The University of Hawaii and the University of Mississippi have jointly established a Marine Minerals Technology Center consisting of an Ocean Basins Division located in Hawaii and a Continental Shelf Division located in Mississippi. The objectives of the center are to encourage the development of selected minerals and materials from seabeds within U.S. jurisdiction by providing opportunities for appropriate engineering systems research and development and technology transfer within the academic, government, and industrial communities and to provide the necessary facilities and leadership for the educating and training of engineers and scientists in marine minerals and mining.


The depletion of mineral reserves, the withdrawal of land available for mineral development, and the rising cost of mining have slowly changed the United States from a mineral-rich nation to one increasingly dependent on imports of many basic resources. The U.S. Bureau of Mines now lists 21 nonfuel mineral commodities for which the United States is over 50 percent import dependent. Probably the most critical of these mineral commodities are cobalt and manganese, for which the U.S. is now 95 and 98 percent dependent on imports, respectively.

On March 10, 1983, President Reagan issued Proclamation 5030, which extends U.S. sovereignty over seabed mineral resources and living resources of the water to within 200 nautical miles from the coastline of the United States and its possessions. This Exclusive Economic Zone (EEZ) more than doubled the jurisdictional area of the United States. Mineral resources having potential commercial and strategic value are known to occur within the EEZ. Extensive precious metal, industrial, and agricultural mineral deposits have been documented in the nearshore waters of the continenta1 she1ves, and deposits of strategic metals have been found in the deep ocean basins. Because ocean resources are largely unexplored and poorly documented, other valuable mineral resources undoubtedly will be discovered.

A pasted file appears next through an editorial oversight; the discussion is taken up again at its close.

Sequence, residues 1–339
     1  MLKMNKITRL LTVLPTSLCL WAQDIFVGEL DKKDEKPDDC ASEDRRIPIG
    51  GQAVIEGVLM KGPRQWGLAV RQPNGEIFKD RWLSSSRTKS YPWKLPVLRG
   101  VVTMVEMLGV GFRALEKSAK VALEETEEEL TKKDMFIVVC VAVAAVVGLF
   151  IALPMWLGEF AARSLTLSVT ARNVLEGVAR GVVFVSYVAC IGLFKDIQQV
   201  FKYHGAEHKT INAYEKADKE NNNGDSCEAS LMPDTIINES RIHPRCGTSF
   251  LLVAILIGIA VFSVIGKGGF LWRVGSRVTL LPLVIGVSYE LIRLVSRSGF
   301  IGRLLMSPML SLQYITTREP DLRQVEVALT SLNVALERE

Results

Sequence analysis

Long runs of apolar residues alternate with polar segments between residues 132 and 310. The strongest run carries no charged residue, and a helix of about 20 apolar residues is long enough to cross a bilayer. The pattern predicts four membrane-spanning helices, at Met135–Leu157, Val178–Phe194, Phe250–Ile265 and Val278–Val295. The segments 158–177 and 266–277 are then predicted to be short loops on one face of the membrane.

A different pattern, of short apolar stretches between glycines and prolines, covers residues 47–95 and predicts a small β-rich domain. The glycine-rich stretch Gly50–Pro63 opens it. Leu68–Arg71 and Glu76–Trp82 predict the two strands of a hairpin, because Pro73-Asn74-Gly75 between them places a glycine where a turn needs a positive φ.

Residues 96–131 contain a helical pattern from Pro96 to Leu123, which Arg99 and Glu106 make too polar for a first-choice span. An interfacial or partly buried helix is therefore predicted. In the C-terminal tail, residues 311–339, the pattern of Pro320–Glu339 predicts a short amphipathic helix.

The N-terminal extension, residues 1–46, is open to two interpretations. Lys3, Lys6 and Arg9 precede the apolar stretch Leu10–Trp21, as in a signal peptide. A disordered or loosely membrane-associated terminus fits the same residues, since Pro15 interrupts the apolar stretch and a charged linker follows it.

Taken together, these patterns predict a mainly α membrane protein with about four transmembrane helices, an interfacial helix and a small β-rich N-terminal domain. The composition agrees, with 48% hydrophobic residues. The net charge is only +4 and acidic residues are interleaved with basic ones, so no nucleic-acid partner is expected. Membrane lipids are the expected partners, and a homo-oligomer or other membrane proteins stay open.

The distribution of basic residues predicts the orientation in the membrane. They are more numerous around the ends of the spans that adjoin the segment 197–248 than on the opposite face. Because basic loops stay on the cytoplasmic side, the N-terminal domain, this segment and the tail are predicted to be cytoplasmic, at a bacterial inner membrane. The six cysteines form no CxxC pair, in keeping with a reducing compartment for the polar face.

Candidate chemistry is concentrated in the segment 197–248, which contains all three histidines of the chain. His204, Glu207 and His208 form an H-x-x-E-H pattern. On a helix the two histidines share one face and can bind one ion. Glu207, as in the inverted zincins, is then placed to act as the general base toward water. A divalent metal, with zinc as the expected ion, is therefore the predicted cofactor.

The issuing of Proclamation 5030 and the creation of the EEZ demonstrated the United States' need to develop undersea mineral resources. However, due to the lack of developed engineering and technology in ocean mining, considerable planning and research will be required before efficient exploitation of many of these resources can be achieved. The United States must encourage research and development in this new frontier, particularly for those mineral commodities that will help maintain reasonable foreign trade balances and prevent the recurrence of emergency situations caused by strategic ore material shortages.

Minerals of interest occurring in the marine environment can be classified into five general commodity groups: construction materials, placer deposits, phosphorites, metalliferous oxides, and metallic sulfides. Each group requires a different development and management approach. Of these groups, the first three are predominantly continental shelf deposits and the remainder are predominantly ocean basin deposits.

Exploitation potential of the mineral resources of the shallow continental shelf is especially promising. The recovery of many mineral commodities, including shell, sand, gravel, and gold, is technically feasible and economically sound in today's markets, and offshore dredging operations for all of these commodities are ongoing in the United States.

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